What is the Dark Web?


If you read the news or indulge in the occasional cybercrime movie you will have no doubt heard the term the ‘dark web’ before. As this hidden world becomes increasingly accessible however, the impact of the dark web is likely to grow and it’s useful to be aware of what it is and why it exists.

The analogy of an iceberg has often been used to help illustrate the different aspects of the World Wide Web that we all know and use. Public websites such as BBC News are an example of what is sometimes called the ‘surface web’. This is largely unencrypted content, sitting in plain view and is available for anyone to access. When accessing these types of websites, certain information about your location and IP address can be captured and shared to relevant parties such as Google or your Internet Service Provider (ISP). Sitting just below the surface exists ‘the deep web’ – a term originally coined to simply describe the parts of the web that search engines can’t index because they’re hidden – e.g. your bank account information or a private magazine you subscribe to for example. The ‘dark web’ however, refers to the most hidden and inaccessible parts of the web that require specific configurations, software or authorisation to access. Dark web content cannot be indexed by search engines and users of the dark web enjoy a high level of anonymity thanks to complex encryptions that allow these networks to exist. 

The largest private network within the dark web can be accessed through software called The Onion Router (TOR) browser, which was originally the result of a US Navy research project. In 2010, TOR proved fundamental to the Arab Spring by enabling activists to secretly mobilise. Shortly after, in 2013, Edward Snowden famously passed highly classified information to the media using TOR. Whilst there are some legitimate uses for the dark web, the anonymity afforded its users has inevitably led to the adoption of this technology by cyber criminals, facilitating some of the most abhorrent illegal activities including the sale of drugs, credit card information, weapons, illegal pornography and human trafficking. Terrorist organisations such as ISIS are also believed to use the dark web to share tactical plans and intelligence information.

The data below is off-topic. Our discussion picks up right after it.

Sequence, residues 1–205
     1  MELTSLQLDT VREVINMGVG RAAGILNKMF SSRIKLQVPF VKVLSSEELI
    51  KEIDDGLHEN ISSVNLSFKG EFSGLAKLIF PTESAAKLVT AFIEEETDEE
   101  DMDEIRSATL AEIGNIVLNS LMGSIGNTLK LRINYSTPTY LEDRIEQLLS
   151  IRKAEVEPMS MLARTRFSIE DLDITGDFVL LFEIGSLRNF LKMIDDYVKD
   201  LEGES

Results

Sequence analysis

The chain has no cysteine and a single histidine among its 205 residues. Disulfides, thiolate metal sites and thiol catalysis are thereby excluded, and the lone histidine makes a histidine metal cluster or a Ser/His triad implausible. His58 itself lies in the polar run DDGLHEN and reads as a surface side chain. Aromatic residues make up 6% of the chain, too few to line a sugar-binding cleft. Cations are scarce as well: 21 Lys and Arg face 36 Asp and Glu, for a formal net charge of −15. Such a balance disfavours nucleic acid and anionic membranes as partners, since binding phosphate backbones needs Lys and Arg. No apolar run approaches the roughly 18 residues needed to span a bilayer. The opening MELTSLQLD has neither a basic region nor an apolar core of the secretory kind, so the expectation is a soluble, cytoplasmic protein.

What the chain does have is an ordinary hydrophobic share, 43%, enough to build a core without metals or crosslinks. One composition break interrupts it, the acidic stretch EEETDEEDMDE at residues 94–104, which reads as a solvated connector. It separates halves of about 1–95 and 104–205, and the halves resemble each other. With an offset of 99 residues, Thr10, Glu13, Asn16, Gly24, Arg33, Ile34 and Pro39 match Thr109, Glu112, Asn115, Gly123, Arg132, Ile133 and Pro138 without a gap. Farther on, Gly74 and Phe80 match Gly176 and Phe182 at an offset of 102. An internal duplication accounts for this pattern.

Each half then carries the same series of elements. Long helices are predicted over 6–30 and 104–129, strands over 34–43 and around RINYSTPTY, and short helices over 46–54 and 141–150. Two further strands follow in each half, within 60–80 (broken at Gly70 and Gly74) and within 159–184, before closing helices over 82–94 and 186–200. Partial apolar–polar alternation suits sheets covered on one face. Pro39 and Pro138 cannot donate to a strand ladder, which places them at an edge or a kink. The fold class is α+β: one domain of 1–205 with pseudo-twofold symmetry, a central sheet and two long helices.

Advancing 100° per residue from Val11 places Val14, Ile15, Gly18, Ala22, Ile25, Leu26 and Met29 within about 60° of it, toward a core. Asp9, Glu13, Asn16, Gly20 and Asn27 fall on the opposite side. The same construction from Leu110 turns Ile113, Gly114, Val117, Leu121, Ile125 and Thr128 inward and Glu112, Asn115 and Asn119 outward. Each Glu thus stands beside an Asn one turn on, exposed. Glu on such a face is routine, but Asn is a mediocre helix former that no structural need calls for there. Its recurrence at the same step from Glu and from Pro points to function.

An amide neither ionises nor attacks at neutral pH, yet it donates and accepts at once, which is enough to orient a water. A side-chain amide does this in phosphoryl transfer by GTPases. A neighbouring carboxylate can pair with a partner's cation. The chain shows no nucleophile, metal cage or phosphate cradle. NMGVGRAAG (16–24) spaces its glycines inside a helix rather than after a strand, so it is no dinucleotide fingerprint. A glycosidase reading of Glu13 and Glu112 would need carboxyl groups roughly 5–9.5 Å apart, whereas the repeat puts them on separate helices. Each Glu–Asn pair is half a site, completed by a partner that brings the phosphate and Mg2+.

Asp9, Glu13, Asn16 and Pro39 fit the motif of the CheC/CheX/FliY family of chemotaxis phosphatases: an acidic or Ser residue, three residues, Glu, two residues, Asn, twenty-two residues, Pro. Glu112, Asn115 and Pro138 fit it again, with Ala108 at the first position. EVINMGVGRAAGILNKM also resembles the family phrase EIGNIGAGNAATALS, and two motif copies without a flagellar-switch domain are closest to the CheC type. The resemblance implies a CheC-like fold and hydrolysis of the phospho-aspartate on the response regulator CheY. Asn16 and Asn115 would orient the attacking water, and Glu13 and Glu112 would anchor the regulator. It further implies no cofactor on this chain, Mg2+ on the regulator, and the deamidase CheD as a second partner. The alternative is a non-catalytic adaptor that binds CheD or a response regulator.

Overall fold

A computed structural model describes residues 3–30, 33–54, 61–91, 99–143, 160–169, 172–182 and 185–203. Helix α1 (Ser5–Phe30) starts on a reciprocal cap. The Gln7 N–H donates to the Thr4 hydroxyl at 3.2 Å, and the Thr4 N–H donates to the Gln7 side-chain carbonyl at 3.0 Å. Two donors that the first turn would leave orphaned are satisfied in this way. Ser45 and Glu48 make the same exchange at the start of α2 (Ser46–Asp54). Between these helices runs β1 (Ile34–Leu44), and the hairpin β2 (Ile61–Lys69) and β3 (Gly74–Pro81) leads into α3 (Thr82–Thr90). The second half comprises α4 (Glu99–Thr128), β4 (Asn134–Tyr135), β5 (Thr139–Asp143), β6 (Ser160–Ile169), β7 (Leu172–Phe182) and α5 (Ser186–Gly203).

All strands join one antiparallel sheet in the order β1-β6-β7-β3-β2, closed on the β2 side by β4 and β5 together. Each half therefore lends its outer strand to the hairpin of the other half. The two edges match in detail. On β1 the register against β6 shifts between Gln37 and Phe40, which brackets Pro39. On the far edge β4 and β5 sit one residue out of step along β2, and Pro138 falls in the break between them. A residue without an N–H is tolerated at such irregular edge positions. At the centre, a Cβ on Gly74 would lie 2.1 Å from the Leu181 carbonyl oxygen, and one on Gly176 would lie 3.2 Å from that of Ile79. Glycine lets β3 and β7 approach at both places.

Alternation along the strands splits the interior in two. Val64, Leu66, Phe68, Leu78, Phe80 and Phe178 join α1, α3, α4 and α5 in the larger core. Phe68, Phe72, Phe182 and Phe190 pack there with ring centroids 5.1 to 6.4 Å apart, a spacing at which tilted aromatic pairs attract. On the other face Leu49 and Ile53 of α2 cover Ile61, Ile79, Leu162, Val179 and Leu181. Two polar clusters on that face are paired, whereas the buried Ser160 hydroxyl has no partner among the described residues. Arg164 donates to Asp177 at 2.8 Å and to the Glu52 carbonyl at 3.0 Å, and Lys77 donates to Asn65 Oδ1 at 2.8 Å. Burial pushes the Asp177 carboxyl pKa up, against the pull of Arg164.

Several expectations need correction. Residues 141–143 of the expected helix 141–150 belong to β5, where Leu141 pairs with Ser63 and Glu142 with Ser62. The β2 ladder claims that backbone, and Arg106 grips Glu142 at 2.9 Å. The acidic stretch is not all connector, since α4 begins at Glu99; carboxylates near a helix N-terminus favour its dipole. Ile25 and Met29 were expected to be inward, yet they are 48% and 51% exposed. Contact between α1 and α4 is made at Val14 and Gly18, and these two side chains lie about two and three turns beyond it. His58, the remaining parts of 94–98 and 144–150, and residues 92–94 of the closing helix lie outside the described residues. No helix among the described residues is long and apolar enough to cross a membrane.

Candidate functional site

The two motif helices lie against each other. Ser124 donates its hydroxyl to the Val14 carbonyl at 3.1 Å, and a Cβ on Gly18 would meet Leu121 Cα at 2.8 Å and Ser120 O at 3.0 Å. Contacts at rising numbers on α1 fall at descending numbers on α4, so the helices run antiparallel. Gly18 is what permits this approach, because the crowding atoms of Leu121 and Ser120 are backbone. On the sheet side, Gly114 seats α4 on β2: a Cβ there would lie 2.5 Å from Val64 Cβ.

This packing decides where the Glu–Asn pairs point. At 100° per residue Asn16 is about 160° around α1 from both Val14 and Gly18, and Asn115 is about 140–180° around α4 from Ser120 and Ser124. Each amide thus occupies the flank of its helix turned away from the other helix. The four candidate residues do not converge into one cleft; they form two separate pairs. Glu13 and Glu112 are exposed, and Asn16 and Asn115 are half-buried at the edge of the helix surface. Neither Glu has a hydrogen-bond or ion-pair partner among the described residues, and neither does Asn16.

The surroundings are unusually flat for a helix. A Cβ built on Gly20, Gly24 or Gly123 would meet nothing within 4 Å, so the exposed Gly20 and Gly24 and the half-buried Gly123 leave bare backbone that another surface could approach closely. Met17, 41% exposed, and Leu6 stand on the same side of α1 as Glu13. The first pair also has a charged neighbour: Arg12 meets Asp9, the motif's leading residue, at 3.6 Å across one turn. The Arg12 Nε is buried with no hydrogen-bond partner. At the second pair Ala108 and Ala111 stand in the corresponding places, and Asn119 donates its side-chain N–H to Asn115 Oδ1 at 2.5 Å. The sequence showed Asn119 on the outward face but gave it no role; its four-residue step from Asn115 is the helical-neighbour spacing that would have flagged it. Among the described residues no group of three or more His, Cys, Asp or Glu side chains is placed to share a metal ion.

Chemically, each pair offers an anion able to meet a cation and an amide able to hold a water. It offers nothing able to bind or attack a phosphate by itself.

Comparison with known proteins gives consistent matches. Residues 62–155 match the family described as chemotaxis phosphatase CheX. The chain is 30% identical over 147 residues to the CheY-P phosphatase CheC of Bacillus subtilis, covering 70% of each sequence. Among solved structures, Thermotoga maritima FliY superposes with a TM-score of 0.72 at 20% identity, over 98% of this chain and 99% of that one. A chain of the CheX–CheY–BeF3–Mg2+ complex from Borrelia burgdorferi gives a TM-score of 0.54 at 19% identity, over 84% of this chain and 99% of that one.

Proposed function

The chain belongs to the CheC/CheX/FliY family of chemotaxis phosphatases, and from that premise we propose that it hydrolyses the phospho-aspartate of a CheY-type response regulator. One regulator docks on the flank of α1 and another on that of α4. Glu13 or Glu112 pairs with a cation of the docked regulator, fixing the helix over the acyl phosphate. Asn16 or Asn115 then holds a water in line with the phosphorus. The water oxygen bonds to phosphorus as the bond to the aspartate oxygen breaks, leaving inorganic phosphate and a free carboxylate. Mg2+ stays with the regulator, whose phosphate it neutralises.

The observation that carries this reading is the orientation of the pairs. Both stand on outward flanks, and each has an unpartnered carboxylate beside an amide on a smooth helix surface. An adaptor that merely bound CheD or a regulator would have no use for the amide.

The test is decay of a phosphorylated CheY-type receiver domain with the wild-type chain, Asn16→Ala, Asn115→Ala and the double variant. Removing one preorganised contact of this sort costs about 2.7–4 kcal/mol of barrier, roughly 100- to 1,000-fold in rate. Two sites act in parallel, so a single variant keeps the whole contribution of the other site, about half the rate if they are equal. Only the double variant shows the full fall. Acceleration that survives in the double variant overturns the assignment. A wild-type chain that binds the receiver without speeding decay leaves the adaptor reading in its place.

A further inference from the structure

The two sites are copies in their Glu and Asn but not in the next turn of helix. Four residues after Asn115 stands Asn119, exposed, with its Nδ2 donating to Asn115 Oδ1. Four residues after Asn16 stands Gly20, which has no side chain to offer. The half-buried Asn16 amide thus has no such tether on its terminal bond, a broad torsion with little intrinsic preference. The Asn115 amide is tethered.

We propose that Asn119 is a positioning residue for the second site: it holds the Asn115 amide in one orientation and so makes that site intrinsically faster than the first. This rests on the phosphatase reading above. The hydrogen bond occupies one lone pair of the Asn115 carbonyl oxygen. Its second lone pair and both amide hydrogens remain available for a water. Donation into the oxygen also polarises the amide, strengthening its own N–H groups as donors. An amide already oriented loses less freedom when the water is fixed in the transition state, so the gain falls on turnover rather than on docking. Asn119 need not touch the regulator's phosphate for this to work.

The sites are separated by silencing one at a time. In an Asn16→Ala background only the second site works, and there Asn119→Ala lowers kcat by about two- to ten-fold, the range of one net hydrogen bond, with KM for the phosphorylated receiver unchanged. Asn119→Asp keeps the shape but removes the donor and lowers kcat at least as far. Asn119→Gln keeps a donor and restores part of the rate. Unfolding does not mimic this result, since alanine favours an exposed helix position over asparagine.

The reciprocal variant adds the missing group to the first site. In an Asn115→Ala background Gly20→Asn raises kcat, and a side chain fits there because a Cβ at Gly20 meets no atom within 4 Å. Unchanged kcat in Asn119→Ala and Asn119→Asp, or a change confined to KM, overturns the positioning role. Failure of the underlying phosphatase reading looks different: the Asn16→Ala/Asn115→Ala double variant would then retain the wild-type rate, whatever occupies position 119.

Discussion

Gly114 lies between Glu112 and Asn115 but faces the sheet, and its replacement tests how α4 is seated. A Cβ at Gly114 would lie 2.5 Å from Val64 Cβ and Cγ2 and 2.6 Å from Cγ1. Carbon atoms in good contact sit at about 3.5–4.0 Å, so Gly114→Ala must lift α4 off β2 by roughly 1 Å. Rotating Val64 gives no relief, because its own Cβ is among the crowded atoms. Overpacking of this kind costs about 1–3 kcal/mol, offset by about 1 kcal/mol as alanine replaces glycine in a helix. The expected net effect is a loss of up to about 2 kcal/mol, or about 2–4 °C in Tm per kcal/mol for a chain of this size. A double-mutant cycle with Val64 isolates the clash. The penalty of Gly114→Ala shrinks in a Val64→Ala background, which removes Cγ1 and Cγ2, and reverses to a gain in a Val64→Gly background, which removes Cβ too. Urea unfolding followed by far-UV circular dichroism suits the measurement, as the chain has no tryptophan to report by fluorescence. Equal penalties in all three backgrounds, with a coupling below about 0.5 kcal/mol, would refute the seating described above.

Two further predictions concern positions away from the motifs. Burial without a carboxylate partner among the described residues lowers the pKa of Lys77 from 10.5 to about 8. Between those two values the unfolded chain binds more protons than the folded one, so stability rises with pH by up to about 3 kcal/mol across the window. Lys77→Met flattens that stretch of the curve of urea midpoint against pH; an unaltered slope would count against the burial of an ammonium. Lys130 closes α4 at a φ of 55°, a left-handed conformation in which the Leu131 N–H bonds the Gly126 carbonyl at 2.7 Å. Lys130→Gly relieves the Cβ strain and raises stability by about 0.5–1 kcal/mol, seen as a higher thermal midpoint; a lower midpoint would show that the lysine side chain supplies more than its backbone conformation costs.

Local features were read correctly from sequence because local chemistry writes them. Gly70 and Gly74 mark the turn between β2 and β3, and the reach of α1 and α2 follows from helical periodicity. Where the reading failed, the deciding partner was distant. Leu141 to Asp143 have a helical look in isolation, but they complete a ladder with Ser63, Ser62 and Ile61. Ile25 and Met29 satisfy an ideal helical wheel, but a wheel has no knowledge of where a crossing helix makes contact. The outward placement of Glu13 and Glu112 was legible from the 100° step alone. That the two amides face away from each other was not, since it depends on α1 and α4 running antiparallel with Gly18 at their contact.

As the world becomes increasingly digitised, it’s important to be aware of the ways in which technology is shaping our environment and both the opportunities and challenges it poses for the future. Currently, global efforts are being made to raise awareness and to educate web users about the dangers and pitfalls of sharing sensitive information online and these initiatives are an important part of the way we can navigate the waters safely in years to come. The topic of the dark web is a no doubt one that will re-surface in the news with increased frequency in the years to come and hopefully you’ll now be a bit better equipped to understand what it is and how it plays a role in our digital world.

If you’d like more information about how to protect yourself online, the Information Commissioner’s Office (ICO) has a wealth of advice on how to protect your personal data:

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